Lectures & Events

Day 2: Saturday 30 July | Melbourne Lecture Series 2016

30 Jul 2016
  • Melbourne

diocletian-palace-split-croatia large (1)Explore the world in fully illustrated public lectures hosted by Australians Studying Abroad. These lectures explore fascinating, general historical questions, rather than being specifically orientated towards ASA’s tours.

For all lectures, places are limited and people wishing to attend are advised to book well in advance. We cannot guarantee that you will be able to obtain seats at the door on the day. We are now charging a minimal fee of $12.00 per day to assist us with the increase cost of the room hire. Your support and understanding of this minimal charge is greatly appreciated.

In response to your feedback, the format of our lecture program has changed. Each day now offers 2 lectures, allowing time for a Q&A session at the conclusion of each lecture.


Lecture 1 | 1.00 – 1.50pm

The Tale of Diocletian’s Palace, Split, Croatia

The Roman Emperor Diocletian (ruled AD 284-305) brought the Empire back from the brink of collapse, introduced financial and administrative reforms and oversaw one of the largest persecutions of Christians. But after two decades in the top job, he’d had enough. So he built himself a retirement home fit for an emperor – an immense palace, at a beautiful spot on the Adriatic coast, with monumental architecture in the latest style.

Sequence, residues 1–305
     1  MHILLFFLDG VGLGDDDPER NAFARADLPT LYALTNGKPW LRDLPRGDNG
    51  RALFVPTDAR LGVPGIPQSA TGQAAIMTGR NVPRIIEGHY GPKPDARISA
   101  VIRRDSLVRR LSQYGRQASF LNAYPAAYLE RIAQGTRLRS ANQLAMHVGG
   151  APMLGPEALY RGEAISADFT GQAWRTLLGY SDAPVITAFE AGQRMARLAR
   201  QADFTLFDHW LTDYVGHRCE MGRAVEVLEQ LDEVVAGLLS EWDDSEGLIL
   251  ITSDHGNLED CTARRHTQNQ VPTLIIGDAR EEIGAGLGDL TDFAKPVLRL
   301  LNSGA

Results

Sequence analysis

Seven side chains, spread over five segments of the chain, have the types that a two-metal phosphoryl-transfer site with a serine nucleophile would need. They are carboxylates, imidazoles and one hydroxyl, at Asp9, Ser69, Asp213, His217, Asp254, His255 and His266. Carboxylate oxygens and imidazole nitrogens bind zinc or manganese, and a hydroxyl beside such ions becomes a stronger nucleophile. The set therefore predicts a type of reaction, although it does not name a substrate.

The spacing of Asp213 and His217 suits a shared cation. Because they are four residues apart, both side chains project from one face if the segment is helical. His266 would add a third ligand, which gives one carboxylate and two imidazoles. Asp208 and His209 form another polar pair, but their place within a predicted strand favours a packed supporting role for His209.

Three hundred years later, most of the Roman Empire had fallen to invaders. Refugees from the “barbarians” sought shelter in what had been Diocletian’s palace. Within the palace buildings, they created a thriving new town, which became the important port of Split (now in Croatia) and was subsequently fought over by Byzantines, Venetians and Hungarians, among others.

Join Dr Christopher Gribbin as he explores this fascinating site, where much of Diocletian’s palace is still preserved, side-by-side with mediaeval homes, churches and palaces.

by Dr Christopher Gribbin


Lecture 2 | 2.20 – 3.10pm

Mosaics of Norman Sicily

After Palermo was conquered by Robert Guiscard and his brother Roger de Hauteville in 1072 it became a royal capital which flourished under successive Norman kings as a centre of enlightenment and toleration. Many of the most beautiful monuments of the city and its surroundings date from this period, when architectural and decorative elements from eastern and western cultures were adopted and combined. In particular glorious, glittering mosaics were used to adorn churches, chapels and royal apartments. This lecture will explore the extraordinary and rich mosaic decoration of Norman Sicily found at Monreale, Cefalu and in Palermo.

by Em. Prof Frank Sear


Bookings Essential

RESERVATIONS: Please book online, or contact ASA on: (03) 9822 6899, Freecall 1800 645755 (outside Melbourne Metro) or email:  [email protected]

VENUE: Theatre, Lauriston Girls’ School, 38 Huntingtower Road, Armadale.

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